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Managing Writers: Interview with Richard Hamilton (podcast)

by Tom Johnson on Mar 23, 2009
categories: book-reviews podcasts

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Richard Hamilton is the author of Managing Writers: A Real World Guide to Managing Technical Documentation. His book, published in 2009, is one of the few books written specifically for managers that addresses the diversity of issues that managers face today – everything from hiring and firing to motivating, metrics, outsourcing, localization, content management, and more.

Managing Writers
Managing Writers

Richard describes the book as follows:

Managing Writers is a practical guide to managing technical documentation projects in the real world. It is informal, but concise, using examples from the author's experience working with and managing technical writers. It looks beyond big project, big team methodologies to the issues faced by smaller, less well-funded projects.

I actually met Richard Hamilton at Doc Train West 2008. At the time, he was still writing his book, but he handed me a brochure describing the book title and its contents. I'm glad to see that some months after our conversation, he published it.

A few weeks ago, Richard sent me a review copy, so I decided to interview him for a podcast. In our conversation, we cover the following:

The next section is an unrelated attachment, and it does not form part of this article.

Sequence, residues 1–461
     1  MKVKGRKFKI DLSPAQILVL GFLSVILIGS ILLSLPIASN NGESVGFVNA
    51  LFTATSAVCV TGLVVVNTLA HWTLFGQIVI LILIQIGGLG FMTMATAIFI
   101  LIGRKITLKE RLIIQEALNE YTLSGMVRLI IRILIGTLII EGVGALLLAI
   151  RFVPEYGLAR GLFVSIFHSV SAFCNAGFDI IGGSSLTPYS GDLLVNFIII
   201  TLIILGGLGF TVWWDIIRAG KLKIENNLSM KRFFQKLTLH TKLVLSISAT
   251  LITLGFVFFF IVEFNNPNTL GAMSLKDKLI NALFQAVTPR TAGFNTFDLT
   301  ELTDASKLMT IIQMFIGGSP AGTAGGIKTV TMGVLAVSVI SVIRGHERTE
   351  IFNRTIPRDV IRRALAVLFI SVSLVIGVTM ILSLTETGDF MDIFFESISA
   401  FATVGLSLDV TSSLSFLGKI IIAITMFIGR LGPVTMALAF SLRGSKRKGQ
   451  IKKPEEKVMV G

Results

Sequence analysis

• Hiring and firing employees
  • What to look for in resumes
  • Danger points in interviews
  • Motivating your team
  • Rating and ranking
  • Overcoming differences about tools
  • Measuring success with metrics
  • The importance of documentation plans
  • Getting involved early in the software development process
  • Ensuring proper allocation and balance across your team
  • Evaluating whether writers need managers

For more information, see Richard Hamilton's book, Managing Writers. You can also read Richard Hamilton's blog. He has made a sample chapter available here: What Doc Managers Look for in a Resume.

About Tom Johnson

Tom Johnson

I'm an API technical writer based in the Seattle area. On this blog, I write about topics related to technical writing and communication — such as software documentation, API documentation, AI, information architecture, content strategy, writing processes, plain language, tech comm careers, and more. Check out my API documentation course if you're looking for more info about documenting APIs. Or see my posts on AI and AI course section for more on the latest in AI and tech comm.

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